Are Papken Papazian and Kersam Aharonin prophets in the making? I leave that up to the readers of Keghart to contemplate.

This past year Keghart became one of the Internet sites I frequented the most. Now that the year is coming to its end, I wish the editorial board, the contributors, commentators, readers of Keghart, their families and significant others spread around the globe, a happy and a healthy new year.

Shnorhavor Nor Dare Yev Sourp Tznount (Happy New Year and Merry Christmas)

Kristos Tznave Yev Haydnezav (Christ is Born and Revealed)

Ohrnial eh Haydnoutiune Kristossi (Blessed is the Revelation of Christ)

And oh yes, next year in Van!

 

4 comments
  1. What a coincidence

    What a coincidence.  I was one of the speakers at the commemoration of the 50th anniversary of the Armenian Genocide at Calouste Gulbenkian Hall.  We had a speaker from each (Armenian) High School at that Commemoration ceremony and I represented Hovaguimian-Manougian. This also coincided with my High School graduation. Kersam Aharonian was our history teacher.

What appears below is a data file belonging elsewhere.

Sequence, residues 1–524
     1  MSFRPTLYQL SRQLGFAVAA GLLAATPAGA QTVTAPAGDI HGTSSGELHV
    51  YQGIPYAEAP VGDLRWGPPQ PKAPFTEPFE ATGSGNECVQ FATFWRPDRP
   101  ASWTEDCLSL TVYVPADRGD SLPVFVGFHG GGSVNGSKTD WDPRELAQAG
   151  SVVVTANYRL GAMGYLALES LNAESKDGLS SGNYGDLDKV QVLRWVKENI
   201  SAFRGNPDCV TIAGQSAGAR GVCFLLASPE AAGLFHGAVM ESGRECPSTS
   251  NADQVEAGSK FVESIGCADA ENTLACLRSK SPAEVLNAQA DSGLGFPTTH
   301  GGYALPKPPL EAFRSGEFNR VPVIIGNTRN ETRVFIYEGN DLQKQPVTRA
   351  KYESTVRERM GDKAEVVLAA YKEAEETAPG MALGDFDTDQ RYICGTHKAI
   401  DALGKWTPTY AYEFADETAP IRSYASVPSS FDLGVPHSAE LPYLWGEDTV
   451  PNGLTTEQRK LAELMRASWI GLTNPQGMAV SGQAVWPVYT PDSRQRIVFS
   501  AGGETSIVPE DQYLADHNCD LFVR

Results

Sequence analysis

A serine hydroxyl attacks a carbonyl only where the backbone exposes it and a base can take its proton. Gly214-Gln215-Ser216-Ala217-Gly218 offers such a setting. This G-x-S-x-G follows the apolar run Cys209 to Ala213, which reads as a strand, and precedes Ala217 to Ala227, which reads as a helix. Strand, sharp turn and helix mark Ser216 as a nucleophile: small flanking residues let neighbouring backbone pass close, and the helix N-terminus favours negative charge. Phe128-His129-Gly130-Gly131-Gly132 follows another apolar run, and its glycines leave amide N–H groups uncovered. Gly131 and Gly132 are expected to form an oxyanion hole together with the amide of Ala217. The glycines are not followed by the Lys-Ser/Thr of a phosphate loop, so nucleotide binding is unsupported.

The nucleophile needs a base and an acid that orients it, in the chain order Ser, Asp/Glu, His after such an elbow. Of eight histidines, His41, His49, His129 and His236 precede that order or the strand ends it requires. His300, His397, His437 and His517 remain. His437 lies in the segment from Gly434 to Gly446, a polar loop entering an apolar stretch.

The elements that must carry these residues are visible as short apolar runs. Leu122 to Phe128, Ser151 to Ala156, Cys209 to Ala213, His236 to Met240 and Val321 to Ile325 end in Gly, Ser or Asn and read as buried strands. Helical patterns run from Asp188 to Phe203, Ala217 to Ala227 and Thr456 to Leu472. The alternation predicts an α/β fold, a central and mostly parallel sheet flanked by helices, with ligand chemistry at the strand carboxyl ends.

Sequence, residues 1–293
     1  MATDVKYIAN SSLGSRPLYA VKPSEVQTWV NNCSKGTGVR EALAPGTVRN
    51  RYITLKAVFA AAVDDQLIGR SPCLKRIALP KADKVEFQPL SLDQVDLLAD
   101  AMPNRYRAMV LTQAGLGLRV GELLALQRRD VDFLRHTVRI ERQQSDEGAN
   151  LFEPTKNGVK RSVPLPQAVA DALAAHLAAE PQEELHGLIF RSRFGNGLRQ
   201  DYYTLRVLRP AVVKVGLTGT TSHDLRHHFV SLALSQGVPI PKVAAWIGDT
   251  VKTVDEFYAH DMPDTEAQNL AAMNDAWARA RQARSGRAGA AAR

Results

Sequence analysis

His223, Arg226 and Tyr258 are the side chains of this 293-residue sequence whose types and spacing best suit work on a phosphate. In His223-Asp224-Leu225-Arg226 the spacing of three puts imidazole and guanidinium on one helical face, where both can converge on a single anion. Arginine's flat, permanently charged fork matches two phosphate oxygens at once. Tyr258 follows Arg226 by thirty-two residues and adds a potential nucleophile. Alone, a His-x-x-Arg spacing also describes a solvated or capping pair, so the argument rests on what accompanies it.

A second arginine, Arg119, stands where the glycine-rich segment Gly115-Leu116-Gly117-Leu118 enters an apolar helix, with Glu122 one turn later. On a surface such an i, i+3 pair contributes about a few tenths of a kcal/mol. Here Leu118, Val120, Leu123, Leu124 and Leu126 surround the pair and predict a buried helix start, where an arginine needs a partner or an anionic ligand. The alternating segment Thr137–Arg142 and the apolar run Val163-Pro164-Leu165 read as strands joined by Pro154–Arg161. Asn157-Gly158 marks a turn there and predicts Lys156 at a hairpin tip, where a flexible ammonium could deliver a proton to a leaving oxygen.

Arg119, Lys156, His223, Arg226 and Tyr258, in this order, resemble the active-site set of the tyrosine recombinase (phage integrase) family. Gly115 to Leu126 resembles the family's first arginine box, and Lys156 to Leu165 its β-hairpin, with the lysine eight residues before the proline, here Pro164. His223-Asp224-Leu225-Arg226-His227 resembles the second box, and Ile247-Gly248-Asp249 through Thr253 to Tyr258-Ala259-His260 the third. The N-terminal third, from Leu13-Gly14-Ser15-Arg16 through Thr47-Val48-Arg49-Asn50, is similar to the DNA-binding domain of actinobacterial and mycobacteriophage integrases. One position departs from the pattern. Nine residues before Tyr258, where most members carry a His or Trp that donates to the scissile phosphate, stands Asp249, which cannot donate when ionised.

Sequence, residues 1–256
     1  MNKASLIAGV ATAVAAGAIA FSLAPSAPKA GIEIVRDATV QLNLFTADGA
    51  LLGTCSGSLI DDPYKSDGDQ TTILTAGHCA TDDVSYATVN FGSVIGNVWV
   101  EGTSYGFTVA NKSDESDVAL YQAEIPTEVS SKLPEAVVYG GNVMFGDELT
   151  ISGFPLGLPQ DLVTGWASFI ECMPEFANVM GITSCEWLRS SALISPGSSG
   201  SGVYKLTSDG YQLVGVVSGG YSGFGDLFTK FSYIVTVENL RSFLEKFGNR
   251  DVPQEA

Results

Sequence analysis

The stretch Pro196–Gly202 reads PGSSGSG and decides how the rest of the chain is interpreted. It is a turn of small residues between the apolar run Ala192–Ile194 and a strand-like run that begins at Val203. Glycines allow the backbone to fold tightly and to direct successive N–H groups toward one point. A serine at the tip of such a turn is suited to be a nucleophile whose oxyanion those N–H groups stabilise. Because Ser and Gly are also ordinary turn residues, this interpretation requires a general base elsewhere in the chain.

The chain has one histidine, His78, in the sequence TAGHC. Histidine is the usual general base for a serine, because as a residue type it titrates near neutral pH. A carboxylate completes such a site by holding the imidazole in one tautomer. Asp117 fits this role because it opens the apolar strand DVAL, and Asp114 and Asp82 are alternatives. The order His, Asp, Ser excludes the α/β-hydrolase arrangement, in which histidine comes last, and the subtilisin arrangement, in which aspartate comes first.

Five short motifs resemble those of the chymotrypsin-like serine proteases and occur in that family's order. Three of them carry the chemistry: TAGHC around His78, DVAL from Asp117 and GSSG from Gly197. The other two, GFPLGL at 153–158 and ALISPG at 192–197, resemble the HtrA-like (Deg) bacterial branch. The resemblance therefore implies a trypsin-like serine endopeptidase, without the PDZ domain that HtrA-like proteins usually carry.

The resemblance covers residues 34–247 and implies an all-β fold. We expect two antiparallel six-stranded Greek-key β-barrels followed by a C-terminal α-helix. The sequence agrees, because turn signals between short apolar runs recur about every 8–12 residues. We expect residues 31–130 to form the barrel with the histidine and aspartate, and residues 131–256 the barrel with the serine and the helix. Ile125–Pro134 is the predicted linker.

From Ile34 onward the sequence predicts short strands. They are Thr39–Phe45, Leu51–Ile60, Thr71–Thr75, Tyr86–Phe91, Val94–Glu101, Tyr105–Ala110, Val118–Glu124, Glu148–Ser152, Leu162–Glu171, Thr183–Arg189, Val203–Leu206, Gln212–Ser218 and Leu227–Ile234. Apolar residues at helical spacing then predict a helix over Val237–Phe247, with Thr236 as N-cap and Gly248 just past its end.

It looks like our paths have crossed many times but never met. 

    Greetings from LA

  2. I met Vahe at the American

    I met Vahe at the American University of Beirut in the early seventies, before he moved to the United States to pursue a career in the pharmaceutical industry. I was both surprised and impressed by his many writings on Armenian affairs.

    His uncle, Antranig Chelebian is the author of Armenia after the Coming of Islam, a book that should be read by every Armenian intellectual. Once I sent an email to him and signed it with my American name John instead of my Armenian name, Asadour. Needless to say he reminded me of my Armenian name immediately. At first I was taken aback by his admonition, but eventually understood that his response grew out of his passion for our Armenian heritage.